"Real faith invariably produces holiness of heart and righteousness of life."
Man, The Dwelling Place of God

"To most people God is an inference, not a reality."
Pursuit of God  

"As one fairly familiar with the contemporary religious scene, I say without hesitation that a part, a very large part, of the activities carried on today in evangelical circles are not only influenced by pragmatism but almost completely controlled by it. Religious methodology is geared to it; it appears large in our youth meetings; magazines and books constantly glorify it; conventions are dominated by it; and the whole religious atmosphere is alive with it."   God Tells the Man Who Cares

"Often acts done in the spirit of religious irritation have consequences far beyond anything we could have guessed. "
 Of God and Men

"Whence then does the true fear of God arise? From the knowledge of our own sinfulness and a sense of he presence of God." 
The Root of Righteousness

"What does holiness mean? Is it a negative kind of piety...No, of course not! Holiness in the Bible means moral wholeness - a positive quality which actually includes kindness, mercy, purity, moral blamelessness and godliness. It is always to be thought of in a positive, white intensity of degree." I Call it Heresy

"Our Lord told His disciples that love and obedience were organically united. The final test of love is obedience." The Incredible Christian

"So today we have the astonishing spectacle of millions of dollars being poured into the unholy job of providing earthly entertainment for the so-called sons of heaven. Religious entertainment is in many places rapidly crowding out the serious things of God. Many churches these days have become little more than poor theatres where fifth-rate "produces" peddle their shoddy wares with the full approval of evangelical leaders who can even quote a holy text in defense of their delinquency. And hardly a man dares to raise his voice against it."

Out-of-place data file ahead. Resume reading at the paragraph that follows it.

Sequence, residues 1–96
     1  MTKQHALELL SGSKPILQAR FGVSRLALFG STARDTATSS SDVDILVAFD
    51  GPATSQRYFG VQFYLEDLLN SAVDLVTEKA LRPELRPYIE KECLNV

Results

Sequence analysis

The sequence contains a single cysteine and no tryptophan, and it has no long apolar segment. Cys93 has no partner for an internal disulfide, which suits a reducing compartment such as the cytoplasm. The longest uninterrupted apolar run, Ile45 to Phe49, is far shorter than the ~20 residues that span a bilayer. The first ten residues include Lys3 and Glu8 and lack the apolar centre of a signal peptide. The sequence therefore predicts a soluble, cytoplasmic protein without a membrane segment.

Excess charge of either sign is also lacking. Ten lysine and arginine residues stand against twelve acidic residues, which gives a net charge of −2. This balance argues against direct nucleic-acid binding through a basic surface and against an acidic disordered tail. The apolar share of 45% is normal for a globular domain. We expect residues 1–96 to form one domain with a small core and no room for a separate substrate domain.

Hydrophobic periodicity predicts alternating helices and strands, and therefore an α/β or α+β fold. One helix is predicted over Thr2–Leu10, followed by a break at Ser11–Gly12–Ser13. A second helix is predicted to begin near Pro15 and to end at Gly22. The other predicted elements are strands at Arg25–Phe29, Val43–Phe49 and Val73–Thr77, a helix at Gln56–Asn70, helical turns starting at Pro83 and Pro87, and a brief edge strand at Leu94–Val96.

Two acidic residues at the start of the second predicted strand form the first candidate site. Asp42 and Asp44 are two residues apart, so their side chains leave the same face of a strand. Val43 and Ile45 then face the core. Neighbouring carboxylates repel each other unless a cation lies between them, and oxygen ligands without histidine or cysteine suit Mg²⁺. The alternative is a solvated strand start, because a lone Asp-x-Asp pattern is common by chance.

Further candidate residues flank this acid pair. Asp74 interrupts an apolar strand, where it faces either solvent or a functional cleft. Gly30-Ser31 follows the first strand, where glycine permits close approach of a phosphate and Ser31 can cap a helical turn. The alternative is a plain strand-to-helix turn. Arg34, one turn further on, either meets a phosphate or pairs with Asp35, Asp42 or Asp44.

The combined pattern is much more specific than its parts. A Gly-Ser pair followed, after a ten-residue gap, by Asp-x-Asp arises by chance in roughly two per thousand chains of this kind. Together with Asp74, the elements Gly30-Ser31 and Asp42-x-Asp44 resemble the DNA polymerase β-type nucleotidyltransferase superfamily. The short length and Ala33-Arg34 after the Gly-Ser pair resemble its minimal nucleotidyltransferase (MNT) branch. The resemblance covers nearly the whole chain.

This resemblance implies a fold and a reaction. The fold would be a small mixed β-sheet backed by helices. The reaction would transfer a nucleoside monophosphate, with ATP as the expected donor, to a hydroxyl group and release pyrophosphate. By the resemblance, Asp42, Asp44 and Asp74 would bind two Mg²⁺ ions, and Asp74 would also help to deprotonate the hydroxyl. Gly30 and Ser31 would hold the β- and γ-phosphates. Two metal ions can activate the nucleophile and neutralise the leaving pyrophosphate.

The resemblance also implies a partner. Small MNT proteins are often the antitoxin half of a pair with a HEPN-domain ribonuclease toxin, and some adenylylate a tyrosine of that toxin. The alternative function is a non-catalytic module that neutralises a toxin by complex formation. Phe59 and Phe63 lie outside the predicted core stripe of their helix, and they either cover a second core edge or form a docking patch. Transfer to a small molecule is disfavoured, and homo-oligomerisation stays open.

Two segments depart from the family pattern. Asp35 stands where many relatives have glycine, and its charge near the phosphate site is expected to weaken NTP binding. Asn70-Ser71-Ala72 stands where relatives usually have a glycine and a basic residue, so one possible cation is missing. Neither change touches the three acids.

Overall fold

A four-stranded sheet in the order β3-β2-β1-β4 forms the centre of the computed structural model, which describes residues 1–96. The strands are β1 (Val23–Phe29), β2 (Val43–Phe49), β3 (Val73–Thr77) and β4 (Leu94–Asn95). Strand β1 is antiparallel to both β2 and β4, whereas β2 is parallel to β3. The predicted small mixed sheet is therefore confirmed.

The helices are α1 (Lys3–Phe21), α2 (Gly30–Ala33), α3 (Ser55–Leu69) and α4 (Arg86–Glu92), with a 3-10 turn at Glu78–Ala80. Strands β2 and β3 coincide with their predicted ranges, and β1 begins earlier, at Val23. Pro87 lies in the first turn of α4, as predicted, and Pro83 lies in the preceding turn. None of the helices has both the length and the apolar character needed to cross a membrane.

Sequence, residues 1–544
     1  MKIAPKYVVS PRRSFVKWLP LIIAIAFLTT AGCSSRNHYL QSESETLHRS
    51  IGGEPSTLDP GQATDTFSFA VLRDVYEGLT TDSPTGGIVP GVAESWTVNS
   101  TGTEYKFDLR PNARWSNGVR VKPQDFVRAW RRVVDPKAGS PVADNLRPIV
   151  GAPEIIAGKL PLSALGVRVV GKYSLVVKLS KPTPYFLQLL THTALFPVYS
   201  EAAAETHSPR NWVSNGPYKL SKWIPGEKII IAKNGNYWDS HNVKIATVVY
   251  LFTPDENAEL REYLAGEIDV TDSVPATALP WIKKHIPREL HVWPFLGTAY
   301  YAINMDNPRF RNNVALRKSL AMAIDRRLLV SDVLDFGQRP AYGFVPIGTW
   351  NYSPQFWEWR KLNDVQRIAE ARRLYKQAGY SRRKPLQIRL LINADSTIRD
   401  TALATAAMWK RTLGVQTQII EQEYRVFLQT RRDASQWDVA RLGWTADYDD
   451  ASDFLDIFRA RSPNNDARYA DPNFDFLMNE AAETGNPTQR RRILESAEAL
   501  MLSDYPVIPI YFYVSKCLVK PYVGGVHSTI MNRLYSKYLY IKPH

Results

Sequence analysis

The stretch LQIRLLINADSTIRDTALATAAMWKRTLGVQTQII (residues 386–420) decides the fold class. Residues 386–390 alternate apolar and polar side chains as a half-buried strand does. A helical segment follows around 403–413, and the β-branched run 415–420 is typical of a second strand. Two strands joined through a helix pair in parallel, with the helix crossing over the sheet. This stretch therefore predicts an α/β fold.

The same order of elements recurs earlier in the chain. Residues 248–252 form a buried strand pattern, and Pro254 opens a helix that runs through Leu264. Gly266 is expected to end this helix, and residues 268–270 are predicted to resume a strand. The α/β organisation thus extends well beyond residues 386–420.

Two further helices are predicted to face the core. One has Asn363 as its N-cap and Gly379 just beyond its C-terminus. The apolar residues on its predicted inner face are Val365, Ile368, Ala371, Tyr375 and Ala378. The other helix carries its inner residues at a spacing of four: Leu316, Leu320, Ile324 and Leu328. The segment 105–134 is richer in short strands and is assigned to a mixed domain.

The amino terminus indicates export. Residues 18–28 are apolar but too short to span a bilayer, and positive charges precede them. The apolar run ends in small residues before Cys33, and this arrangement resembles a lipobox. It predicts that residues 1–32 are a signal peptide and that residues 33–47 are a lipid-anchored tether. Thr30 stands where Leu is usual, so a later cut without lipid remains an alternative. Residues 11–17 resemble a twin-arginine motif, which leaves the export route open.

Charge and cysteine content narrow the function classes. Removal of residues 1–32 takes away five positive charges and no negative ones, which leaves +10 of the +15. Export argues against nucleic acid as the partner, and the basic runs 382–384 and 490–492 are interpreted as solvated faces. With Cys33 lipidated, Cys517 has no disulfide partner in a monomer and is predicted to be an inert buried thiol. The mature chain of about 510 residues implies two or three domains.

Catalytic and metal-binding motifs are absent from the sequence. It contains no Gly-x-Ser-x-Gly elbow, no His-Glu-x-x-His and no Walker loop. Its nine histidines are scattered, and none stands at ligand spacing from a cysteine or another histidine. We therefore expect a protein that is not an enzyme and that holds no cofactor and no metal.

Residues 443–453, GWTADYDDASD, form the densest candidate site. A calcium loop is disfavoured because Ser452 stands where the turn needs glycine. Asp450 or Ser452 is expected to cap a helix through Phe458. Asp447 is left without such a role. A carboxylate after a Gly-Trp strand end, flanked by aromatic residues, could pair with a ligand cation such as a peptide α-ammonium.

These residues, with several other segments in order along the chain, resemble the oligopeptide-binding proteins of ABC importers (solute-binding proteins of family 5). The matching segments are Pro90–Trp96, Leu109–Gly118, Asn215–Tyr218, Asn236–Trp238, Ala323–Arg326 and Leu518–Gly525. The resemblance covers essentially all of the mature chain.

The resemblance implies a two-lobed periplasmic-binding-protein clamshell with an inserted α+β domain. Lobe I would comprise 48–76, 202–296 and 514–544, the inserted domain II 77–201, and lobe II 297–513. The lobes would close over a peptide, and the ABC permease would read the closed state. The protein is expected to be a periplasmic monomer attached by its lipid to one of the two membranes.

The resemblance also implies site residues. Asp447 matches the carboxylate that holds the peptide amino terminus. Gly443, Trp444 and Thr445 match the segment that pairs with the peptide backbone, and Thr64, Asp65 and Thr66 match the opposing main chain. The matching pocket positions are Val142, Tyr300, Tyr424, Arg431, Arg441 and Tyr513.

The Root of Righteousness

"The unattended garden will soon be overrun with weeds; the heart that fails to cultivate truth and root out error will shortly be a theological wilderness." Man, The Dwelling Place of God

Prayer will become effective when we stop using it as a substitute for obedience." Of God and Men

"When we go to God with a request, there are two conditions we must meet: [1] we must pray in the will of God, and [2] we must be living lives pleasing to God."  Does God Always Answer Prayer

"Faith, as Paul saw it, was a living, flaming thing leading to surrender and obedience to the commandments of Christ."  Paths to Power

"...the religion of today is not transforming the people; rather it is being transformed by people. It is not raising the moral level of society; it is descending to society's own level and congratulating itself that it has scored a victory because society is smilingly accepting its surrender." 
The Price of Neglect

"...we have salvation without righteousness and right doctrine without right deeds." Of God and Men

"The need for solitude and quietness was never so great  than it is today."  Of God and Men

"When the followers of Jesus Christ lose their interest in heaven they will no longer be happy Christians and when they are no longer happy Christians they cannot be a powerful force in a sad and sinful world."
Who Put Jesus on the Cross
"The man that believes will obey; failure to obey is convincing proof that there is no true faith present. To attempt the impossible God must give faith or there will be none, and He gives faith to the obedient heart only." Man the Dwelling Place of God

"In that presence [presence of God], Isaiah found no place for joking or for clever cynicism or for human familiarity. He found strangeness in God, that is, a presence unknown to the sinful and worldly and self-sufficient human." Whatever Happened to Worship?

"It is scarcely possible in most paces to get anyone to attend a meeting where the only attraction is God."  Man the Dwelling Place of God

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Last Update:06/27/2012